Can Art Therapy Help My Troubled Teen?

Creating Art to Express Feelings

A teenage girl paints in a studio.
A teenage girl paints in a studio.. JGI/Tom Grill/Getty Images

Art therapy uses materials such as paint, oil pastels, markers, clay or crayons as a means of self-expression. The process of working with the materials and creating a final product helps troubled teens gain self-understanding, learn better coping methods and work through problems.

Art therapy can be used for many problems that teenagers face and it can even be used to reach the toughest of teens.

What is Art Therapy?

Art therapists are specially trained in both psychological and artistic principles.

This training directs them in choosing the materials and focus appropriate to a teens' specific needs.

In art therapy sessions, a teen is asked to use the materials to develop art around a certain idea.

For example, teens may be asked to create:

  • A portrait of how they think others see them.
  • Paint what their sadness feels like.
  • A photo collage about their feelings from magazine clippings.
  • Sculpt their family from clay.
  • Make a mask that helps them feel more secure when talking about their problems.
  • A visual journal as an alternative way to express their feelings daily.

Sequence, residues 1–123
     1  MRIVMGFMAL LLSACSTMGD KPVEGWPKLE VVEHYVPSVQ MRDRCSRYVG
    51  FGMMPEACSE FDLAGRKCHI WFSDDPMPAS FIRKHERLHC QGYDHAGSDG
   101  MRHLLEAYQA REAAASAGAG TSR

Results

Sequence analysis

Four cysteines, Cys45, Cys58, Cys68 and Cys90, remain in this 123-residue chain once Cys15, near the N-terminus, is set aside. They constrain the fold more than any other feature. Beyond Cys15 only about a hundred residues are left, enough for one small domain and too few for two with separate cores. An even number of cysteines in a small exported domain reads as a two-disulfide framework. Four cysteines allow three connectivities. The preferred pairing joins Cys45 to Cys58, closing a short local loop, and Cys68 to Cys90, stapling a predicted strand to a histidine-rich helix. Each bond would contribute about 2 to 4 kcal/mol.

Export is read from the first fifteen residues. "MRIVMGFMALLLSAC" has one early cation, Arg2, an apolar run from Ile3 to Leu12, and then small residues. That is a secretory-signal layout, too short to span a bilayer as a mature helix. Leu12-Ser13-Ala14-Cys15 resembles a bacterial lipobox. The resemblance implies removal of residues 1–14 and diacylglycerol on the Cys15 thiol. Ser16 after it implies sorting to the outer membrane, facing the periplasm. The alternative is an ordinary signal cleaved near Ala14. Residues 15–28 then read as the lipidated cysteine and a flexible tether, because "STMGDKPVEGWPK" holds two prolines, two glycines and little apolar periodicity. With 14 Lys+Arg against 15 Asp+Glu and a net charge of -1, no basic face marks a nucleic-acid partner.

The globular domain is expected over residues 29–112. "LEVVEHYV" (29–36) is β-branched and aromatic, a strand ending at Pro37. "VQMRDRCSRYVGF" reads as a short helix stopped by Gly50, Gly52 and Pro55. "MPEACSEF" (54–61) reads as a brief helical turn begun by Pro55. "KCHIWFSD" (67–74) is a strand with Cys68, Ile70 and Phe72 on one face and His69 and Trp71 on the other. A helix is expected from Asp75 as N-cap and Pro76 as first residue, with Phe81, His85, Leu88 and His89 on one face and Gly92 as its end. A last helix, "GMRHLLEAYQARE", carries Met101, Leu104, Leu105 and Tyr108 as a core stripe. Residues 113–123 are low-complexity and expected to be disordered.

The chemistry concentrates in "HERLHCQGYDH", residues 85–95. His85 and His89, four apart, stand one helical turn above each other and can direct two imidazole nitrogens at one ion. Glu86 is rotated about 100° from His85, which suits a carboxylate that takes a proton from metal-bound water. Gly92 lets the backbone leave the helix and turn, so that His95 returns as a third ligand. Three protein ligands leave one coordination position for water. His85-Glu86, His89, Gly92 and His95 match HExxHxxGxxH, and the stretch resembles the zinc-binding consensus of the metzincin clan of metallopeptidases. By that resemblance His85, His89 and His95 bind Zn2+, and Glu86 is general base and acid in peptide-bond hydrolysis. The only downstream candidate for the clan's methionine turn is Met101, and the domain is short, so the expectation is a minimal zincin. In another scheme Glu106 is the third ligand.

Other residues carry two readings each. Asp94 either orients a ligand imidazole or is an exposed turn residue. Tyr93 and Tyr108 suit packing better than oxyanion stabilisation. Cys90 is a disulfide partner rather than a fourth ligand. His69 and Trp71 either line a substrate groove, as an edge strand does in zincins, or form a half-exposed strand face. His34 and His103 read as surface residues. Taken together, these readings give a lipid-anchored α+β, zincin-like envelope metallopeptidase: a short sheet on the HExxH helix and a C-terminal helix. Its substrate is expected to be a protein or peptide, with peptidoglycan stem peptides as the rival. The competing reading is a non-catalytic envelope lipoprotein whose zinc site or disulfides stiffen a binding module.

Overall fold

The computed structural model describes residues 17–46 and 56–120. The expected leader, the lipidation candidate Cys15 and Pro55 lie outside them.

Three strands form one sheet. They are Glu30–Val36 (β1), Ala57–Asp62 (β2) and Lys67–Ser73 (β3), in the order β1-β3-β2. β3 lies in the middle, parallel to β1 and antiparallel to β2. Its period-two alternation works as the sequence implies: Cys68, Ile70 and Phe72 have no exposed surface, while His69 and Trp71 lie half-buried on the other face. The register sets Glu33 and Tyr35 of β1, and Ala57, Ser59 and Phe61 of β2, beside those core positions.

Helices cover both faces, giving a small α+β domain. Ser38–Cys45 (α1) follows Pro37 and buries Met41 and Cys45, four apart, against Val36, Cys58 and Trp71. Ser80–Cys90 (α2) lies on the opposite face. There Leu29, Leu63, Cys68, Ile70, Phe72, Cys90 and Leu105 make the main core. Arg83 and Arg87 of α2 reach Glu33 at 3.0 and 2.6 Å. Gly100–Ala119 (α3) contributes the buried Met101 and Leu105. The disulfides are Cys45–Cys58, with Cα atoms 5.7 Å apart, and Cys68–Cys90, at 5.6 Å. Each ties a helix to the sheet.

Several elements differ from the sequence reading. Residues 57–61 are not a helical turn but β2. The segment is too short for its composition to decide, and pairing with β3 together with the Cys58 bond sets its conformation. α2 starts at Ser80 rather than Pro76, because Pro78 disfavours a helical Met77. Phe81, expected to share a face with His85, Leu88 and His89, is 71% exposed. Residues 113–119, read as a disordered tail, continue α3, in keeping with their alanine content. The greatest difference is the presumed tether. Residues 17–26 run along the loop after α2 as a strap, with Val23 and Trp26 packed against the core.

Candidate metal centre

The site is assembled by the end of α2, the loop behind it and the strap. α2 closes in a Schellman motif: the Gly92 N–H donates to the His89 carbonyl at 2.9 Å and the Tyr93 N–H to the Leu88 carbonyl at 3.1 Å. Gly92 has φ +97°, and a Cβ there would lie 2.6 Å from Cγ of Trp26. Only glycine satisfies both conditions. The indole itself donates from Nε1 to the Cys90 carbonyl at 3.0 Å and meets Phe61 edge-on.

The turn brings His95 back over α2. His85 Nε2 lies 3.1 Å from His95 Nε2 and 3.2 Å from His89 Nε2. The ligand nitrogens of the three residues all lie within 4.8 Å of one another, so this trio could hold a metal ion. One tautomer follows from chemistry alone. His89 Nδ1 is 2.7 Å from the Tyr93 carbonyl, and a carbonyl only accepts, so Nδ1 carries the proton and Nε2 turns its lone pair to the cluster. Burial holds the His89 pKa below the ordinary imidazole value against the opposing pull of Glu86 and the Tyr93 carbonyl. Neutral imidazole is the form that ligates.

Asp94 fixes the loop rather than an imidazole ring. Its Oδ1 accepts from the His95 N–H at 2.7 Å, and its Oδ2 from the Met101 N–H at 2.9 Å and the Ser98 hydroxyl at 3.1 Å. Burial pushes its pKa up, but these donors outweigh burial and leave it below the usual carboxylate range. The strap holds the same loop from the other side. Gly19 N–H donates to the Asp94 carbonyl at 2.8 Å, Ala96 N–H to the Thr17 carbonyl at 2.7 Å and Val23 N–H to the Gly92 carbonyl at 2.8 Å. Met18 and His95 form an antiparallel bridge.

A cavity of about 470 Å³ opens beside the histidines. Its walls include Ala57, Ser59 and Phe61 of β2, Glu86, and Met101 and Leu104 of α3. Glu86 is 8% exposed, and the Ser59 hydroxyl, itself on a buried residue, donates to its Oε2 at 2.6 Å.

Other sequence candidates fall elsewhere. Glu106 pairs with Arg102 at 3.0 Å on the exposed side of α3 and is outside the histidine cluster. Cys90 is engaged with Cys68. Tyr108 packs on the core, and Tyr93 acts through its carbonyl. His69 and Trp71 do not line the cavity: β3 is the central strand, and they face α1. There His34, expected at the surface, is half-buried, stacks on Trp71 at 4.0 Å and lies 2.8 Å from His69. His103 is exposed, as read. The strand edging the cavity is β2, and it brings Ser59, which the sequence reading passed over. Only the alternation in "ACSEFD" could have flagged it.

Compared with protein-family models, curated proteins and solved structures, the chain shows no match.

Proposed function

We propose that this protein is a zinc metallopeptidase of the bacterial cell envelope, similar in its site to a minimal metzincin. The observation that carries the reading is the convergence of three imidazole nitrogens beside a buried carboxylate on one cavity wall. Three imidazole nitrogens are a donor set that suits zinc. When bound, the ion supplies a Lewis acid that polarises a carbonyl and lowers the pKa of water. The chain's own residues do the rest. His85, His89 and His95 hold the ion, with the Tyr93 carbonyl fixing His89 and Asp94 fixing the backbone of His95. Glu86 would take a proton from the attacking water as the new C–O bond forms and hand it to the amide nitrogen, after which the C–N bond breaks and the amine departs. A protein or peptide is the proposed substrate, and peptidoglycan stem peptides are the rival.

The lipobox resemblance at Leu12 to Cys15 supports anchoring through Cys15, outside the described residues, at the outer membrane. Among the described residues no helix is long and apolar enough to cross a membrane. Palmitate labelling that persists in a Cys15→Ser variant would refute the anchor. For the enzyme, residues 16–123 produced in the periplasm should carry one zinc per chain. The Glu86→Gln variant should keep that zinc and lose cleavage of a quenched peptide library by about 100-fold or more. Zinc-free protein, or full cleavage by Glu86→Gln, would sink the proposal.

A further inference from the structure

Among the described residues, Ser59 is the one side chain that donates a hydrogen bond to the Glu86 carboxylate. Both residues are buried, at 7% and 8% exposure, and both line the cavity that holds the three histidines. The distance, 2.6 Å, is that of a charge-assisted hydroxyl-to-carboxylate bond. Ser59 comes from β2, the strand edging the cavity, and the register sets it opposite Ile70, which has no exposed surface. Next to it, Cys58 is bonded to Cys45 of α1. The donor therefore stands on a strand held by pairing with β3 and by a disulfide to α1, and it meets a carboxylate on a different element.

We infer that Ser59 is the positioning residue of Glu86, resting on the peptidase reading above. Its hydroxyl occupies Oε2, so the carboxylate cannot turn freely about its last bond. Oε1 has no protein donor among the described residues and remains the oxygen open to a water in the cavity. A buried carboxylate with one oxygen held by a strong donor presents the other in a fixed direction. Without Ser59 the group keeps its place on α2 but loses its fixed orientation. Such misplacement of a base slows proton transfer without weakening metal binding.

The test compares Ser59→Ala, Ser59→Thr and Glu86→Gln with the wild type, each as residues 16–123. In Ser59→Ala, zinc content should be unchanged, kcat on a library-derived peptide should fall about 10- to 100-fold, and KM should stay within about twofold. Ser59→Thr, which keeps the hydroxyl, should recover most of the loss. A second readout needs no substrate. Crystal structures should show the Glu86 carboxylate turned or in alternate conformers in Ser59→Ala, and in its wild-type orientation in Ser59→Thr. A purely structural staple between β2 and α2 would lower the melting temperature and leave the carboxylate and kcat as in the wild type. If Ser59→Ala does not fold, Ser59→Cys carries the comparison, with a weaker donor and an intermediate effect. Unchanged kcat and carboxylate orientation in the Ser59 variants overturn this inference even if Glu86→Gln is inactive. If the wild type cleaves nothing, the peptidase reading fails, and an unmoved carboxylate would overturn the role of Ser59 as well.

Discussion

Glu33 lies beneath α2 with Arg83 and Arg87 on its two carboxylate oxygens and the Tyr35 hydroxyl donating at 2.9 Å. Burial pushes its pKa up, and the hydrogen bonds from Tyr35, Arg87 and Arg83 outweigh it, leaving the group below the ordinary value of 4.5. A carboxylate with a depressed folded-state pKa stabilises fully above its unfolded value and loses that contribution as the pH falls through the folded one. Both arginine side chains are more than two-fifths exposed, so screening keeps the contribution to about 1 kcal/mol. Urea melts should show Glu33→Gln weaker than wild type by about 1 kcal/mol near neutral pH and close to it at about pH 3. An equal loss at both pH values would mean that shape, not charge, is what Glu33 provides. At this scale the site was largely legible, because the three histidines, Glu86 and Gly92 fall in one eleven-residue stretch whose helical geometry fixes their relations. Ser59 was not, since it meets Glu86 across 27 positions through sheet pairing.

In some instance, the teen may also be asked to participate in group art therapy sessions.

Why Art Therapy May Help

This therapeutic approach appeals to many teens as a way to externalize their inner world. A teen does not need to have any artistic talent to benefit from this approach.

The therapist does not interpret the final product.

It is up to the teen to share and talk about whatever information they choose.

In this type of specialized therapy, the focus is on the process of creating and, to a lesser extent, on the final product.

The teen is encouraged to:

  • Verbalize during the process of creating.
  • Comment on their reactions to the final product.

    Creating is the primary initial focus, increased self-understanding usually comes later.

    Art therapy programs are offered in most residential programs for teens and are also available on an outpatient basis.

    Advantages of Art Therapy

    Traditional individual therapy can feel like cross-examination to some teens. Others don't express themselves well verbally. In some cases, a teen's problems are too painful or complicated to put into words.

    As a type of expressive therapy, art therapy works very well with some teens because it is:

    • Non-threatening with less of a direct focus on the teen.
    • A safe outlet for expressing what they are feeling inside.
    • A process over which the teen feels a sense of control.
    • The session is both interesting and creative.
    • A way to discover underlying thoughts and feelings.
    • Easier to develop a strong relationship with the therapist.

    For some teens, art is a better language to communicate than talking. Because this is an attractive type of therapy for teens, they are more likely to continue to participate and stick with the process until the problems improve.

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